128gb SSD Boot Drive w/ 3tb RAID, Performance Questions...

Discussion in 'Mac Pro' started by dsa420, Jul 19, 2009.

  1. dsa420 macrumors 6502

    Joined:
    Feb 23, 2007
    #1
    So I purchased a 128gb Patriot Torqx to run as the boot drive
    for my Mac Pro. I know that the new Intels are coming but I am happy with the Patriots and wanted some instant gratification.

    The machine is definetly snappier but doesn't quite have the pep as my MBP running a 256gb SSD as the sole HDD.
    I have (3) 1 TB 5400 rpm drives in a striped RAID array. It seems sometimes when I start an application that lives on the SSD boot drive, the other drives begin to run as well (I can hear them spinning).

    Any thoughts on what could be done to speed up my system and also make sure that the SSD runs as independent from the traditional Hdd's as possible?
    Additionally I will soon be adding my 4th 1tb drive once I get the IDE to SATA adapter to put the drive in the optical drive spot.

    I am running a early 2008 Intel 2.8ghz machine, 8 cores, 6gb RAM.
     
  2. tyr2 macrumors 6502a

    tyr2

    Joined:
    May 6, 2006
    Location:
    Leeds, UK
    #2
    Do you mean they are powered down normally but when you start an application they spin up?

    What do you have your RAID array mounted as, just another volume, or do you have your home folder on there?

    I've found some applications scan the available disks on start up and thus they get spun up, causing a wait period. Turning off the 'put disks to sleep where possible' option helps, but obviously wastes power.
     
  3. dsa420 thread starter macrumors 6502

    Joined:
    Feb 23, 2007
    #3
    I havent narrowed it down quite yet, but I feel like the RAID drives are spinning when no data is being accessed from them.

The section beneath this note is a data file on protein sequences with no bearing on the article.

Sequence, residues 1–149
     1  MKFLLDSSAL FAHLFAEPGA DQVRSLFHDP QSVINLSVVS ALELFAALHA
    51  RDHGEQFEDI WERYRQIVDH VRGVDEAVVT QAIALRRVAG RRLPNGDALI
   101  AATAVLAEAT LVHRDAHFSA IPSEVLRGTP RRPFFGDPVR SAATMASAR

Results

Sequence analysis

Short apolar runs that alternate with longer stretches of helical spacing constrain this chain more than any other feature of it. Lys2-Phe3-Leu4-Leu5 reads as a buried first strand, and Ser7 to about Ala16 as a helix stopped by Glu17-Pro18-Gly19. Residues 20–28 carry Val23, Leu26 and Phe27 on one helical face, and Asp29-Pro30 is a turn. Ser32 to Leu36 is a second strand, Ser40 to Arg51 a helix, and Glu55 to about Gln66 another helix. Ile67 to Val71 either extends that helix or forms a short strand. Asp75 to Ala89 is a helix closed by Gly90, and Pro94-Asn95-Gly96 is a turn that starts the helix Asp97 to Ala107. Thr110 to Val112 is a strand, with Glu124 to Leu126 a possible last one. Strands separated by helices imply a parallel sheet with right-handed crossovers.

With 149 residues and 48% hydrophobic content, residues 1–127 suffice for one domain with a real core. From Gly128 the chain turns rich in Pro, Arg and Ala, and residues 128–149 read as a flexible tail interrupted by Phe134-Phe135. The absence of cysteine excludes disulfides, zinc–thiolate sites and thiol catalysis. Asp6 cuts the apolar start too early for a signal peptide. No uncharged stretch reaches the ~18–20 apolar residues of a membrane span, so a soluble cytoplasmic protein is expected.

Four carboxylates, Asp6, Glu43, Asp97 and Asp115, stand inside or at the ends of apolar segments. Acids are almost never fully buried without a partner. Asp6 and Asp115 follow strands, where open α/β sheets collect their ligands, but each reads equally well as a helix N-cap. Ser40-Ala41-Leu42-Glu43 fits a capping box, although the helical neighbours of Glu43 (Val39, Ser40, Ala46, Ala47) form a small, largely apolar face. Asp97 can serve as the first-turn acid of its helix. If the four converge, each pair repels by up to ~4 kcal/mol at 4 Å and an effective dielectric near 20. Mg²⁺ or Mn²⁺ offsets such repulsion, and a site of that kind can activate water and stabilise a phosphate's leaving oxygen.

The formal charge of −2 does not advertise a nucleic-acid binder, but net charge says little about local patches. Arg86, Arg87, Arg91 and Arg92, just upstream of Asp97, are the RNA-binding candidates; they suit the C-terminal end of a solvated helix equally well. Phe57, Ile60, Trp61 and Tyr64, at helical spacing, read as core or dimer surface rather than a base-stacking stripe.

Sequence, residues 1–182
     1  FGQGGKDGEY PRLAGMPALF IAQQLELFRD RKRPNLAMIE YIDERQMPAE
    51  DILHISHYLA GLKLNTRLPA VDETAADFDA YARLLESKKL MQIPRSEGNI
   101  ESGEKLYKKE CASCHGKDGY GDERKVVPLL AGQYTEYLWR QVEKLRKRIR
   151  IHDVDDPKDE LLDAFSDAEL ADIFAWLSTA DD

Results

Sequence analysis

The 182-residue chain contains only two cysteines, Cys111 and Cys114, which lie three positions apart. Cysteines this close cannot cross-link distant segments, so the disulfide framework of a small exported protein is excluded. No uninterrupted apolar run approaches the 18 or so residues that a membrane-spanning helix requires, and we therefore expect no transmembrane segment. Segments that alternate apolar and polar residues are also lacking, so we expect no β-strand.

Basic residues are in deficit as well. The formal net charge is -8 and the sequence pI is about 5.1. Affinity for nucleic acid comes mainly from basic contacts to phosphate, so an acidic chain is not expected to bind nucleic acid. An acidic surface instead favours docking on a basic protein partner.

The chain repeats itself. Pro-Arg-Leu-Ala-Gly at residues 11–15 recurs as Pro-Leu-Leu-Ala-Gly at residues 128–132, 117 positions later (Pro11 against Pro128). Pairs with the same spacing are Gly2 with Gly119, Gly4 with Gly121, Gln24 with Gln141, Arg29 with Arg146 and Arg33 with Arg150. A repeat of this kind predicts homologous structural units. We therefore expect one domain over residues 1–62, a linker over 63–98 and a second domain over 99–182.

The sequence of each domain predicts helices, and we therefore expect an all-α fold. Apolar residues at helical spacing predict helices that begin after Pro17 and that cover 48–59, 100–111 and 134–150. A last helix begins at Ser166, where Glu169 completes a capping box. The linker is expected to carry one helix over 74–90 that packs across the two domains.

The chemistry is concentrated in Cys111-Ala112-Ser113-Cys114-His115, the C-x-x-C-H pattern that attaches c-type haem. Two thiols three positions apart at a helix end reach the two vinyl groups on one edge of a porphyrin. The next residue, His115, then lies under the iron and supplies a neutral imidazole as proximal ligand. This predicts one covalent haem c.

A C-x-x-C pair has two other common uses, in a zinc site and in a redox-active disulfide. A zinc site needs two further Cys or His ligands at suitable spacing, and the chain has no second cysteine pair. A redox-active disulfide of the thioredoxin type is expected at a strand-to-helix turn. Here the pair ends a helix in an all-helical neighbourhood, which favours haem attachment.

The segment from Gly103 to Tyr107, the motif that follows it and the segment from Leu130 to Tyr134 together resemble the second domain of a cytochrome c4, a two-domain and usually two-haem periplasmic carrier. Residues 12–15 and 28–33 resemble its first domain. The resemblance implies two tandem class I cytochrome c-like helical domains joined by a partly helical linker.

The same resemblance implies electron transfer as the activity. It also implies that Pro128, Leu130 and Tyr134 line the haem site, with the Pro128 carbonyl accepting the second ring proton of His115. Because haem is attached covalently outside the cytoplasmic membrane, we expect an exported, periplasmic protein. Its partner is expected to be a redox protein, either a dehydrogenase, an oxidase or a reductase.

I have the RAID array mounted as another volume.
     
  4. tyr2 macrumors 6502a

    tyr2

    Joined:
    May 6, 2006
    Location:
    Leeds, UK
    #4
    Easy way to find out files are being accessed:

    In Terminal type this
    Code:
    $ sudo /usr/bin/filebyproc.d 
    
    And they type your password in when prompted

    You'll get a bunch of output like this, one line each time a file is accessed

    Code:
      1  17726                       open:entry bash /Users/username/.bash_login
      1  17726                       open:entry bash /Users/username/.profile
      1  17726                       open:entry bash /Users/username/.bashrc
      1  17726                       open:entry Propane /dev/autofs_nowait
      1  17726                       open:entry Propane /Users/username/Library/Preferences/com.apple.security.revocation.plist
      1  17726                       open:entry Propane /Users/username/Library/Keychains/Microsoft_Intermediate_Certificates
    ....
    
    You can grep the output for the particular volume name, eg

    Code:
    $ sudo /usr/bin/filebyproc.d  | grep /Volumes/TheVolumeName
    
     
  5. rtrt, Jul 19, 2009
    Last edited: Aug 13, 2011
  6. dsa420 thread starter macrumors 6502

    Joined:
    Feb 23, 2007
    #6
    The terminal code you gave does not work, any ideas?
     
  7. tyr2 macrumors 6502a

    tyr2

    Joined:
    May 6, 2006
    Location:
    Leeds, UK
    #7
    In what way did it not work, what error did you get?
     

Share This Page